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How to Care for Your Tegu

How to Care for Your Tegu


Tegus (genus Salvator since 2012, previously genus Tupinambis) are very large (2.5 - 5 feet), diurnal, terrestrial reptiles native to South America.  There are a variety of species of Tegu available in the pet trade whose common names reflect their predominant coloration: red Tegu, blue Tegu, black and white Tegu, gold Tegu. Tegus are among the more intelligent reptiles and require appropriate stimulation in their environment to ensure interest and engagement due to their size and wide range of habitat needs; they should be considered to be advanced level pets.




Adult Tegus require large enclosures. The enclosure should be minimally twice as long as the tegu (nose to tail) and twice as wide as its snout to vent length. This usually translates to an enclosure that’s 8’ long, 4’ wide, and about 3’ high. The enclosure should include 24” of a substrate, which can be composed of mulch, sand/soil mixture, organic potting soil, or coir to allow the Tegu to construct underground burrows. Additional cage items include a large, stable water bowl, large enough for the Tegu to soak or swim in, stable hiding spots, and some pieces of wood or branches that can hold a Tegu’s weight below the basking area. The humidity should be about 60-80%.


Heating and Lighting

Tegus require a basking area whose temperatures can reach about 125 degrees F or higher on the floor. Since the Tegu is a large reptile, a single light is often not enough to heat its whole body. Frequently a cluster of 3 floodlights will be used, one of which can be a full spectrum light to provide the Tegu with UV. Alternatively, the UVB light can be a full-spectrum 10.0 fluorescent bulb that runs most of the length of the enclosure. The fixture can be placed inside the cage underneath the cover or on top of a mesh cover. If the fixture is placed on top of the cage, a glass cage cover should not be used, since the UVB will not penetrate through the glass. Fluorescent bulbs decrease in the amount of UVB emitted with time. It’s safest to replace the bulb every 6 months, though a more accurate schedule can be determined if a UV meter is purchased and used to check UV levels. The air temperature in the remainder of the enclosure should range from the mid 70’s to the high 80’s. Many Tegus will brumate during the winter.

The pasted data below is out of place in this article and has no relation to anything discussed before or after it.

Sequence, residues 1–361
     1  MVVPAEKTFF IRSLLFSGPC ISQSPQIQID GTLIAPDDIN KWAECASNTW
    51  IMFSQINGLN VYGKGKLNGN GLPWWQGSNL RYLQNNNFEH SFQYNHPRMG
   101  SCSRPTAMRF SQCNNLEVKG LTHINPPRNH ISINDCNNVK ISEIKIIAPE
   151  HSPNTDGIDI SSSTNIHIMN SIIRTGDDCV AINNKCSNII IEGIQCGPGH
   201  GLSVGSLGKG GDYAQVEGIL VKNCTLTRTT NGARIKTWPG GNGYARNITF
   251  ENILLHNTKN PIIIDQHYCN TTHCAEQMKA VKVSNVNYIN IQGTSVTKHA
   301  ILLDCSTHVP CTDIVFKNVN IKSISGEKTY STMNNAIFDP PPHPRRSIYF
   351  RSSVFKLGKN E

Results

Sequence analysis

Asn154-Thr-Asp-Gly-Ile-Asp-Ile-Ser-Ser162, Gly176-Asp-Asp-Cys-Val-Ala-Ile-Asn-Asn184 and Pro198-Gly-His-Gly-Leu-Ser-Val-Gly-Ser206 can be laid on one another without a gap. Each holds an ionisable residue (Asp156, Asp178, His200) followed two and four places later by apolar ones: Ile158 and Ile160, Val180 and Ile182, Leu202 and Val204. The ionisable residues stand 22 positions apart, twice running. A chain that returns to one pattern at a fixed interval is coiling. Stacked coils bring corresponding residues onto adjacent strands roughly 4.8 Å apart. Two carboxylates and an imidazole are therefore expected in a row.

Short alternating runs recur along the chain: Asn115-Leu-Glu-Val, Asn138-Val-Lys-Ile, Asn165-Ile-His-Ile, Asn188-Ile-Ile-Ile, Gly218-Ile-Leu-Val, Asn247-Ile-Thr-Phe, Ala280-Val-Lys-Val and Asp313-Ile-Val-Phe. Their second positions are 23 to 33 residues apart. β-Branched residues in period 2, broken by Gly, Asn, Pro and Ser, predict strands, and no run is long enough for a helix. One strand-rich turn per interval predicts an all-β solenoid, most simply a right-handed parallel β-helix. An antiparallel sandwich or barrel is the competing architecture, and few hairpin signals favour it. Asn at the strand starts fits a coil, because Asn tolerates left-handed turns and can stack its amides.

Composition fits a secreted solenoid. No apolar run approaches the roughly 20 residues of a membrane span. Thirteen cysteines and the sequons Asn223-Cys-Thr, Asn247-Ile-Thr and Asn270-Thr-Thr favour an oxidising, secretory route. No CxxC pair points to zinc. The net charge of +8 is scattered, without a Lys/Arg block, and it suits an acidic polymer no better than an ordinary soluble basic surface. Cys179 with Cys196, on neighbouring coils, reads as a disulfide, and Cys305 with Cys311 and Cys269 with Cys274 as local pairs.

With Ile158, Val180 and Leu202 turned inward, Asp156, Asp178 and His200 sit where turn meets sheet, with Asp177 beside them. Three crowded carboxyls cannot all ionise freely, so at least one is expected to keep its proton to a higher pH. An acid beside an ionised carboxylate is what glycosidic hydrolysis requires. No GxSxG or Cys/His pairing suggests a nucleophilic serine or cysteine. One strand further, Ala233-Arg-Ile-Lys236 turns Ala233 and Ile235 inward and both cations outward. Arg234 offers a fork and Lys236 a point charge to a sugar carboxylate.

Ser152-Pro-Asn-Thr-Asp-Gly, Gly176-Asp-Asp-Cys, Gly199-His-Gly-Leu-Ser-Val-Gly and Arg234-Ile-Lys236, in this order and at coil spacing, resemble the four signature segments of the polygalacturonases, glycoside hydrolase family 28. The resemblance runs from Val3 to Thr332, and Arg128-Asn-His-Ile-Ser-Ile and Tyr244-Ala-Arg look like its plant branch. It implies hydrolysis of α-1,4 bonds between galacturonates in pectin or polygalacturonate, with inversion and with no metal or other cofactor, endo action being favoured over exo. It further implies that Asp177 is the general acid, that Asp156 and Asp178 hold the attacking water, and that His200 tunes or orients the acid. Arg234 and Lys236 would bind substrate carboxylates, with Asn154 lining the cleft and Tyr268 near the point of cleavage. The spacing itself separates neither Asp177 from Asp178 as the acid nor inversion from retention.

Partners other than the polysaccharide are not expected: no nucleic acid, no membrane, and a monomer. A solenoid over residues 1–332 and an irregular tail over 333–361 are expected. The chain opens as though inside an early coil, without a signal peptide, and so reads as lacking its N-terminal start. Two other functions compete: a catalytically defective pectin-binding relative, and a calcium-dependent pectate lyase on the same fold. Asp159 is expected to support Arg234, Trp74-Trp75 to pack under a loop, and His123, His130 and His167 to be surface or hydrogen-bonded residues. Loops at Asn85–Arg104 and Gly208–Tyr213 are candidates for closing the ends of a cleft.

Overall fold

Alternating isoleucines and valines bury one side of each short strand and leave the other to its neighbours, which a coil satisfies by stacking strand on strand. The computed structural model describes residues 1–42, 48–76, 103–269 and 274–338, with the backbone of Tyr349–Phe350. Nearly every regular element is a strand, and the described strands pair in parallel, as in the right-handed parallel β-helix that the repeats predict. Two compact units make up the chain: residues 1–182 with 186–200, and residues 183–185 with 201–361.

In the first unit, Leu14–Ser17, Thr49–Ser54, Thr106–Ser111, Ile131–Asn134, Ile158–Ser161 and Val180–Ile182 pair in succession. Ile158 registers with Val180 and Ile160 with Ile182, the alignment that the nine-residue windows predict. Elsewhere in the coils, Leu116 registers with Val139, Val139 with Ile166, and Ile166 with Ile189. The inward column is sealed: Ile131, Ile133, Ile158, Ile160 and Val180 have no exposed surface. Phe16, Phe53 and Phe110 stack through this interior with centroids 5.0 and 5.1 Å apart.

Food and Supplementation

Tegus are carnivorous, opportunistic feeders who may consume some plant matter, primarily fruit, in addition to whole prey. When they are young, they should be fed daily on crickets, Dubia, and other roaches. Insects should be dusted with calcium and vitamin D3. Adult Tegus require larger prey items and are primarily fed frozen and thawed mice, rats, and other mid-sized mammals or birds. They are also often fed cooked chicken, eggs, or other cooked meat as treats. Some keepers feed a limited amount of fruit as well. Adult Tegus may enjoy the largest Dubia roaches in addition to the bigger prey items.



As with most reptiles, young tegus are flighty and suspicious of the world around them; you should spend time with them but try not to pick up and handle them every time you are with them. Constant positive association will help a tegu come to see their human handler as non-threatening and become an enjoyable pet to keep. There are several ways to achieve this; quietly sitting near them and spending time with them, putting a worn piece of clothing inside their enclosure so they become used to your smell. Offering their favorites during feeding time also helps in the way that it is positive reinforcement. Still, it also helps to feed a hungry tegu before any attempted handling as they can become moody when hungry and may act out. However, you should not let your tegu associate your hands with being fed as this can lead them to go after your hand when being fed, leading to a painful bite.


*This care sheet contains only very basic information.  If you are new to Tegus, please do additional research to obtain additional information from more detailed care sheets.

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